QS Study

Important methods of obtaining Audit Evidence

Audit evidence which is cumulative in nature includes audit evidence obtained from audit procedures performed during the count of the audit and may include audit evidence obtained from other sources such as previous audits and a firm’s quality control procedures for client acceptance and continuance.

There are various ways in which an auditor can collect necessary supporting evidence. The methods which an auditor can use to collect audit evidence are discussed below-

  1. Physical examination: Physical examination is the inspection or count by the auditor of a tangible asset. This type of evidence is most often associated with inventory and cash but it is also applicable to the verification of securities, notes receivable and tangible fixed assets.
  2. Confirmation: Confirmation describes the receipt of a written or oral response from independent third party verifying the accuracy of the information that was requested by the auditor.
  3. Documentation: Documentation is the auditor’s examination of the client’s documents and records to substantiate the information that is or should be included in the financial statements. Documentation is a form of evidence widely used in every audit because it is usually readily available to the auditor at a relatively low cost. Sometimes it is the only reasonable type of evidence available.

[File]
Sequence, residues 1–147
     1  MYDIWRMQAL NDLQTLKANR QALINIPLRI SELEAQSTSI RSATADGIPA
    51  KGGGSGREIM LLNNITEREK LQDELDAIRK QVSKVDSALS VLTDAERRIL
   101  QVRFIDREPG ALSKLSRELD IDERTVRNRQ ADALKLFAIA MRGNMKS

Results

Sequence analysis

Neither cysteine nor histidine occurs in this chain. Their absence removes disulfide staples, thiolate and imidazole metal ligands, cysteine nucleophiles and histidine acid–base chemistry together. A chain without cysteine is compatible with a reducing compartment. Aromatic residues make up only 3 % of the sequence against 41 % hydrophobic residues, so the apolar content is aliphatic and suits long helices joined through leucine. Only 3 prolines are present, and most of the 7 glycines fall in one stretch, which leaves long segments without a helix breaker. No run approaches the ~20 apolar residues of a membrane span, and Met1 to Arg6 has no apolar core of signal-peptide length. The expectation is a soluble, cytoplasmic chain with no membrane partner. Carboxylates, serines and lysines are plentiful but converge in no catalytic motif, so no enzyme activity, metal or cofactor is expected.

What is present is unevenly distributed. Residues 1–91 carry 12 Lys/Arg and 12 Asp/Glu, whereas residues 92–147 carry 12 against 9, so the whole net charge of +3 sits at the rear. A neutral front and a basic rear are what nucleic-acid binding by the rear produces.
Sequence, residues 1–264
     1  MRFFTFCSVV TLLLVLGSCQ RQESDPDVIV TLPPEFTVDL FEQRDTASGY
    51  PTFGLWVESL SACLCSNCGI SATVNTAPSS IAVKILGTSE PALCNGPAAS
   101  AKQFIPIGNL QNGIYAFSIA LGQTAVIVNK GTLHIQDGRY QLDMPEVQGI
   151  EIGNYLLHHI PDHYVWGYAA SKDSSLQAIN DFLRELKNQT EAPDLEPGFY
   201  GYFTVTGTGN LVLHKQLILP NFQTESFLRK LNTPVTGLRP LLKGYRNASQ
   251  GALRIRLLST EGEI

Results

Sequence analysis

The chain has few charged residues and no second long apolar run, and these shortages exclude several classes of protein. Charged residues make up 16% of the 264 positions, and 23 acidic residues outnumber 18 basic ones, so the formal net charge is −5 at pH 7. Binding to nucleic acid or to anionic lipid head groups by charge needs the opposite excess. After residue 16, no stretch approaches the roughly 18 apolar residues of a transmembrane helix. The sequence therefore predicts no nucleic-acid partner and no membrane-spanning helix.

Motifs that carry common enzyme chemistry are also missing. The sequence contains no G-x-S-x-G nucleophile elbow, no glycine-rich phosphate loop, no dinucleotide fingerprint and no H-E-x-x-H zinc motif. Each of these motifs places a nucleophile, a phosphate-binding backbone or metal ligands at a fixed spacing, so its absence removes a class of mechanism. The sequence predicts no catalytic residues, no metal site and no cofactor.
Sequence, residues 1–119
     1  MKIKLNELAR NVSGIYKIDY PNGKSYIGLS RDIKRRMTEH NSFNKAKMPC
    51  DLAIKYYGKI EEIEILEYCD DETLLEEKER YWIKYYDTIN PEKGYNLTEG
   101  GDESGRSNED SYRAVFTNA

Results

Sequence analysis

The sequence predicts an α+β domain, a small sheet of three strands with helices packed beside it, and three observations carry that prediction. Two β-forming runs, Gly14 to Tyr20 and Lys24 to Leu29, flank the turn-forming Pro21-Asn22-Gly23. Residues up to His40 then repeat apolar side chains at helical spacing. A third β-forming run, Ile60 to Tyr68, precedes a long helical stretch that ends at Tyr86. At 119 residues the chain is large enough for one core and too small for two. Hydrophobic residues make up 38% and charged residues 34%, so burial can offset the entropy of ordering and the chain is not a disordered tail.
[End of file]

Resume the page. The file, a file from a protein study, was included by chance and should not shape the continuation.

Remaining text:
4. Observation: Observation is the use of the sense to assess certain activities. Throughout of the audit, there are many opportunities to exercise sight, hearing, touch, and smell to evaluate a wide range of flans.
  5. Enquires of the clients: Enquiry is the obtaining of written or oral information from a client in response to questions from the auditor. When the auditor obtains evidence through inquiry it is normally necessary to obtain further corroborating evidence through other procedures.
  6. Analytical procedures: Analytical procedures use comparisons and relationships to assess whether account balances or other data appear reasonable. For certain audit objectives or small account balances, analytical procedures may be the only evidence needed.